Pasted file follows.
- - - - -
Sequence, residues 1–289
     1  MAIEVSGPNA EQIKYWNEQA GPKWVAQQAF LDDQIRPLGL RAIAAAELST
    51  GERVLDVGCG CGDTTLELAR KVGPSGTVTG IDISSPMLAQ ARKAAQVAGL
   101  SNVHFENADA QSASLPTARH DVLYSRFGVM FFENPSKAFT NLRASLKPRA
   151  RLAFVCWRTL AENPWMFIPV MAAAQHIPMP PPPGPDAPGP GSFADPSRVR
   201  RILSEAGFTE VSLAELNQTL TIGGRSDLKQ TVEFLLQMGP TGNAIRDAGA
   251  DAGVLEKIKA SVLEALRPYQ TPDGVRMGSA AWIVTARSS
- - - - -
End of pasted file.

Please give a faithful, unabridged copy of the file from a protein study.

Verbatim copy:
Sequence, residues 1–289
     1  MAIEVSGPNA EQIKYWNEQA GPKWVAQQAF LDDQIRPLGL RAIAAAELST
    51  GERVLDVGCG CGDTTLELAR KVGPSGTVTG IDISSPMLAQ ARKAAQVAGL
   101  SNVHFENADA QSASLPTARH DVLYSRFGVM FFENPSKAFT NLRASLKPRA
   151  RLAFVCWRTL AENPWMFIPV MAAAQHIPMP PPPGPDAPGP GSFADPSRVR
   201  RILSEAGFTE VSLAELNQTL TIGGRSDLKQ TVEFLLQMGP TGNAIRDAGA
   251  DAGVLEKIKA SVLEALRPYQ TPDGVRMGSA AWIVTARSS